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This is a discussion on New adequacy calculation in Dialysis / Renal / Urology, part of Nursing Specialties ... We recently began using URR's as the measure of adequacy along with the KT/V. I have always tracked...by just keep swimming Oct 29, '11We recently began using URR's as the measure of adequacy along with the KT/V. I have always tracked both on my patients, so no big deal. What I don't understand is that residual renal function is no longer calculated into any measurement of adequacy. This doesn't make sense to me...if someone has residual function, they need less HD, right? I have found that we are now increasing DFR, BFR, and times to make up for this function not being calculated in. Could someone expla8in to me why residual function shouldn't be a factor in calculation of adequacy?
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- Oct 30, '11 by traumaRUsResidual function only allows the pt to be a little looser with fluid. It has no effect on the filtering of toxins. CMS has decided that a URR of 65 is adequate. That's actualy barely adequate. The higher the kT/V is (>1.4) the better for the pt.
Any pt on HD has a GFR of <12 and usually below 10.
- Oct 30, '11 by just keep swimmingQuote from traumaRUsThank you for your response but i guess I'm still confused about something...if residual function only allows the patient to be looser with fluids, what about those patients who only run once or twice a week because they still have some function? I understand KT/V and URR and the implications of poor results, just wasn't sure where residual function came in. If I'm not mistaken, it was calculated into the KT/V and produced a higher number. Should this not be part of the KT/V?Residual function only allows the pt to be a little looser with fluid. It has no effect on the filtering of toxins. CMS has decided that a URR of 65 is adequate. That's actualy barely adequate. The higher the kT/V is (>1.4) the better for the pt.
Any pt on HD has a GFR of <12 and usually below 10.
- Oct 31, '11 by traumaRUsHmm - I'm with a large nephrology practice and we have no one running once/twice/week. If they only need dialysis once per week, they don't need dialysis.
Wonder what their GFR is? CMS is coming down hard on providers that try to do HD for other than ESRD.
- Oct 31, '11 by just keep swimmingI have patients who only come a couple times each month and we have no record of them going to any ER in the area to dialyze. Those who are only scheduled once/twice/week are usually expected to regain function but are going to need dialysis too long to be considered acute (one lost function while on chemo but regained it within a few months). As for the patients who are non compliant, they must have a significant amount of residual function to be able to come so infrequently. Some do not even reach a KT/V of 1.2 because their pre BUN is not high enough. Do you think that maybe these people are being started too early? Eventually, they almost all end up 3/week or very ill, however I have some who have been doing it for many months, some close to a year.
I work in a very large, inner city unit. We get all the difficult patients and all of the non compliant patients...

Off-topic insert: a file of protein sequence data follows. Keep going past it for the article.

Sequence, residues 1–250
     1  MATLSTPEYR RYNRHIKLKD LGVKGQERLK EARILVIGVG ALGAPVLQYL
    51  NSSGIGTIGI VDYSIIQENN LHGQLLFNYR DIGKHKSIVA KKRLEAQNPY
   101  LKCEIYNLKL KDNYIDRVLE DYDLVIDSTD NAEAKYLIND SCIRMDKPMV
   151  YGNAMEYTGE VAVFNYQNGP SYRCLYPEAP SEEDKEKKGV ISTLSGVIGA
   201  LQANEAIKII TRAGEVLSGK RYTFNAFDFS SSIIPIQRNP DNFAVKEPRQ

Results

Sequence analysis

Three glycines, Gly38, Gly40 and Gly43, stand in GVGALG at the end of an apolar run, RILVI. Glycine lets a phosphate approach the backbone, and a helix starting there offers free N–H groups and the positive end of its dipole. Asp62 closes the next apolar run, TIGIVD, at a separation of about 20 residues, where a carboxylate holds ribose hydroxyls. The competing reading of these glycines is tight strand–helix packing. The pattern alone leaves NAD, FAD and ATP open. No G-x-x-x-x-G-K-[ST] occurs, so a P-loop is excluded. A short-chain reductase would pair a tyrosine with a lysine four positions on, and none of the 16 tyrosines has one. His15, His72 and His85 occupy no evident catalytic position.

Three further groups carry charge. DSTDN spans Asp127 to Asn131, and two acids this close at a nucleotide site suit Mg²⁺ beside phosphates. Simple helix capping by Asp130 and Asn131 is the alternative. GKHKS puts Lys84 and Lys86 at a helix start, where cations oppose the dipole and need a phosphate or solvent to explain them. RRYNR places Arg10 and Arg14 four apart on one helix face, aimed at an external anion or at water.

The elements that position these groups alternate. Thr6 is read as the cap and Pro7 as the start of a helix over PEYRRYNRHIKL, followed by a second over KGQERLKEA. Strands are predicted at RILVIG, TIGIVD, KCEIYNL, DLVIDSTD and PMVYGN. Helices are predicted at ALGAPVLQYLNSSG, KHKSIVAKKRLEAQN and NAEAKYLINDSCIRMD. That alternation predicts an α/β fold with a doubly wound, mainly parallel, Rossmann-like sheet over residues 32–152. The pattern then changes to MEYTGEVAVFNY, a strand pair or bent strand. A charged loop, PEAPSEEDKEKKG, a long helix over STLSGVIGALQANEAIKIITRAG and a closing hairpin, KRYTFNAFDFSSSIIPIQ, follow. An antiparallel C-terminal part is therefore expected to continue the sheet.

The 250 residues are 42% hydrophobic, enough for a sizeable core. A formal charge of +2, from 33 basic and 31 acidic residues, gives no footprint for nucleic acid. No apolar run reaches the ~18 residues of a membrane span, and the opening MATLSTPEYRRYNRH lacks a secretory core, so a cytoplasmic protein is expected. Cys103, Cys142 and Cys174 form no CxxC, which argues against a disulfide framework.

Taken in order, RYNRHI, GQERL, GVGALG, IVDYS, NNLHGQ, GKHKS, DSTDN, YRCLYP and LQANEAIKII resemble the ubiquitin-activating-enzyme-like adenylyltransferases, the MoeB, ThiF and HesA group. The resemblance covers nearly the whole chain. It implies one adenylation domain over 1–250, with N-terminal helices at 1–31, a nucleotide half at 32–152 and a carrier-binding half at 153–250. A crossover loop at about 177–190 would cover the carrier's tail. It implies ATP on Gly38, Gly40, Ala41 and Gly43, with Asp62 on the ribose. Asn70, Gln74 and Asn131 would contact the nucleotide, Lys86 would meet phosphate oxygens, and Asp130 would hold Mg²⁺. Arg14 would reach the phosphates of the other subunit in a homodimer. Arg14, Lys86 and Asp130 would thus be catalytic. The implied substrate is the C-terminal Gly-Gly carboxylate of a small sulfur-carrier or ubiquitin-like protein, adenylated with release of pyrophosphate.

- Nov 1, '11 by traumaRUslol - my biggest clinic is 130 pts of noncompliant, inner city, tough as nails pts.
I too have several that only come intermittently, they haven't urinated in years! Don't know why they survive.
My own theory is that they have lived very hard lives and have had to survive many difficulties so surviving w/o working kidneys isn't so bad.
My other thought is that they have been so sick for so long that they don't realize what feeling good is anymore.
- Nov 1, '11 by just keep swimmingSounds like you work in my world! I love it but it sure is challenging sometimes. I hope you don't mind me picking your brain...I'm always looking for new things to learn and unfortunately, the NP I work with has been there 3 years and is still asking about when to schedule a fistulogram or how we know when to adjust EDW.....grrrrr! But I'll save that rant for another day. Luckily, I have some great docs who are great teachers! I'm in school for my BSN right now and hope to continue to be a NP eventually (when my kids give me time that is). I read your thread about "how much do you want to take off today". What do you do with those patients who chronically put on 8 or more kg and then crash when trying to pull the fluid, especially with those whose cardiac function is poor?
- Nov 3, '11 by traumaRUsWell, I refuse to allow >6% EDW (not the weight they come in at) to be pulled.
The other issue is that I work for 17 docs and they all have their own way of managing pts. I always error on the safe side and the newest literature says that removing 11ml/kg/hr is the best way to decrease the cardiac stress.
So, I've been using that. I provide lots of education to my pts. Plus, the one unit, where the most noncompliant pts are, have seen pts die in the chair and that scares them....usually.
- Nov 3, '11 by traumaRUsBTW - I've only been doing this 5 1/2 years. My nursing background is ER/ICU.
The reason I was hired was that it was felt I could handle the attitudes of the pts.
- Nov 3, '11 by msnmbahcmI am a traveler and am currently in Arizona. It has been my experience that using PUF (sequential dialysis) for the 1st hour, to take off 2L has been positive, no cardiac issues nor any b/p issues. I worked in an acute setting where we did CRRT, PUF, SLED, etc and I have conferenced with docs all over and they like the fact we can decrease EDWs effectively with this mode in the OP setting.